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How Firms Respond to Mandatory Information Disclosure

Author

Listed:
  • Anil R. Doshi

    () (Harvard Business School)

  • Glen W.S. Dowell

    () (Johnson School of Management, Cornell University)

  • Michael W. Toffel

    () (Harvard Business School, Technology and Operations Management Unit)

Abstract

Mandatory information disclosure regulations seek to create institutional pressure to spur performance improvement. By examining how organizational characteristics moderate establishments' responses to a prominent environmental information disclosure program, we provide among the first empirical evidence characterizing heterogeneous responses by those mandated to disclose information. We find particularly rapid improvement among establishments located close to their headquarters and among establishments with proximate siblings, especially when the proximate siblings are in the same industry. Large establishments improve more slowly than small establishments in sparse regions, but both groups improve similarly in dense regions, suggesting that density mitigates the power of large establishments to resist institutional pressures. Finally, privately held firms' establishments outperform those owned by public firms. We highlight implications for institutional theory, managers, and policymakers.

Suggested Citation

  • Anil R. Doshi & Glen W.S. Dowell & Michael W. Toffel, 2011. "How Firms Respond to Mandatory Information Disclosure," Harvard Business School Working Papers 12-001, Harvard Business School, revised Jun 2012.
  • Handle: RePEc:hbs:wpaper:12-001
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    References listed on IDEAS

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    Cited by:

    1. Jonathan T. Kolstad, 2013. "Information and Quality when Motivation is Intrinsic: Evidence from Surgeon Report Cards," NBER Working Papers 18804, National Bureau of Economic Research, Inc.
    2. Simcoe, Timothy & Toffel, Michael W., 2014. "Government green procurement spillovers: Evidence from municipal building policies in California," Journal of Environmental Economics and Management, Elsevier, vol. 68(3), pages 411-434.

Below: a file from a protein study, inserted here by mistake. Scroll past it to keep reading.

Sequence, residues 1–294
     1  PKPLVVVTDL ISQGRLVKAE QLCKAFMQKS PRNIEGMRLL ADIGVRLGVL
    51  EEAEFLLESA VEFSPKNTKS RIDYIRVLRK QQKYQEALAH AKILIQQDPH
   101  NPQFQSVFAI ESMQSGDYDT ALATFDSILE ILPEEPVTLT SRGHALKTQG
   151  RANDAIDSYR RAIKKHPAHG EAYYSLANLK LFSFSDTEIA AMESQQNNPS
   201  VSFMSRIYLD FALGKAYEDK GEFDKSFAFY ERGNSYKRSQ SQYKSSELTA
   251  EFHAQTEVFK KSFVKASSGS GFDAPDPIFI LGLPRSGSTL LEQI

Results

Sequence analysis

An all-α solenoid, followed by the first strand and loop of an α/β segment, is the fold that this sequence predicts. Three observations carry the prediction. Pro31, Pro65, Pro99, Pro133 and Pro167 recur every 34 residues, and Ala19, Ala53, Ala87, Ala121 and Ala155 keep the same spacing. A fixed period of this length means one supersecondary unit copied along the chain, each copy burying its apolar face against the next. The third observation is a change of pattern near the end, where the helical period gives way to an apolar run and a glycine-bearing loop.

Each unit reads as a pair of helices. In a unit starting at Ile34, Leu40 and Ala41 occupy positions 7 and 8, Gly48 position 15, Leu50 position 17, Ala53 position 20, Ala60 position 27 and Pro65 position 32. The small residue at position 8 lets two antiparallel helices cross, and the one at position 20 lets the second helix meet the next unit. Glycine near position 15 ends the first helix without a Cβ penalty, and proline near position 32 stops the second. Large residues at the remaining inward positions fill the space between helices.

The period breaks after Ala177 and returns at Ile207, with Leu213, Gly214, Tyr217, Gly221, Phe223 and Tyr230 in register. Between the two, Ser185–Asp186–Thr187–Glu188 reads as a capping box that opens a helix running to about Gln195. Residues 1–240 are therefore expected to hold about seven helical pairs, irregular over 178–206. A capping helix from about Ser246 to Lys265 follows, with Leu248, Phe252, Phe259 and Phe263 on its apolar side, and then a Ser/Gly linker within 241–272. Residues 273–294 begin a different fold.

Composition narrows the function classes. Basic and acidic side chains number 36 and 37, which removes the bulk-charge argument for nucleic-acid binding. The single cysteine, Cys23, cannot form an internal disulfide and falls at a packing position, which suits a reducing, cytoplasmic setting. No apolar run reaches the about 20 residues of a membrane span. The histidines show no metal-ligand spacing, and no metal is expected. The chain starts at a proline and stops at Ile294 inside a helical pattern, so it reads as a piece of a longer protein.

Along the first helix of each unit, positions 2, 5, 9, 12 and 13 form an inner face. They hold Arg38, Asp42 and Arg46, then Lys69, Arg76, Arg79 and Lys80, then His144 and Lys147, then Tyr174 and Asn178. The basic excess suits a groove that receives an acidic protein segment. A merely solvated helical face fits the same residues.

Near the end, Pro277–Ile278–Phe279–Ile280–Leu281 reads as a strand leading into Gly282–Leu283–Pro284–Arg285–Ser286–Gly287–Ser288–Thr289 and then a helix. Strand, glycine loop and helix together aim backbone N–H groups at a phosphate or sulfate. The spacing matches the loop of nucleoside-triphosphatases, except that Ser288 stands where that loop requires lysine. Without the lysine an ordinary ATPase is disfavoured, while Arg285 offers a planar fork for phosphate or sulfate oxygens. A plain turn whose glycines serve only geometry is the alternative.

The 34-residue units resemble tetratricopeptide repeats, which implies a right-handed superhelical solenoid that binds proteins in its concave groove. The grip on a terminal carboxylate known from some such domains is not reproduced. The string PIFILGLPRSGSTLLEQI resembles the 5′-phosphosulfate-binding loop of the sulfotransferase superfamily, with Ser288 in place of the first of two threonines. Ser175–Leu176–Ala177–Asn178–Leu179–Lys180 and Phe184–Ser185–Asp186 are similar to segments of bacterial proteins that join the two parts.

3. Adler Miserendino, Rebecca & Bergquist, Bridget A. & Adler, Sara E. & Guimarães, Jean Remy Davée & Lees, Peter S.J. & Niquen, Wilmer & Velasquez-López, P. Colon & Veiga, Marcello M., 2013. "Challenges to measuring, monitoring, and addressing the cumulative impacts of artisanal and small-scale gold mining in Ecuador," Resources Policy, Elsevier, vol. 38(4), pages 713-722.
    4. Markus Kitzmueller, 2008. "Economics and Corporate Social Responsibility," Economics Working Papers ECO2008/37, European University Institute.
    5. Christopher Marquis & Michael W. Toffel & Yanhua Zhou, 2011. "Scrutiny, Norms, and Selective Disclosure: A Global Study of Greenwashing," Harvard Business School Working Papers 11-115, Harvard Business School, revised Jul 2015.
    6. Laura Spira & Michael Page, 2010. "Regulation by disclosure: the case of internal control," Journal of Management & Governance, Springer;Accademia Italiana di Economia Aziendale (AIDEA), vol. 14(4), pages 409-433, November.
    7. Xiaoyang Li & Yue Maggie Zhou, 2016. "Offshoring Pollution While Offshoring Production," Working Papers 16-09, Center for Economic Studies, U.S. Census Bureau.
    8. Jonathan T. Kolstad, 2013. "Information and Quality When Motivation Is Intrinsic: Evidence from Surgeon Report Cards," American Economic Review, American Economic Association, vol. 103(7), pages 2875-2910, December.
    9. Baron, David P. & Harjoto, Maretno A. & Jo, Hoje, 2008. "The Economics and Politics of Corporate Social Performance," Research Papers 1993, Stanford University, Graduate School of Business.

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    Keywords

    information disclosure; institutional theory; environmental strategy; mandatory disclosure; environmental performance.;
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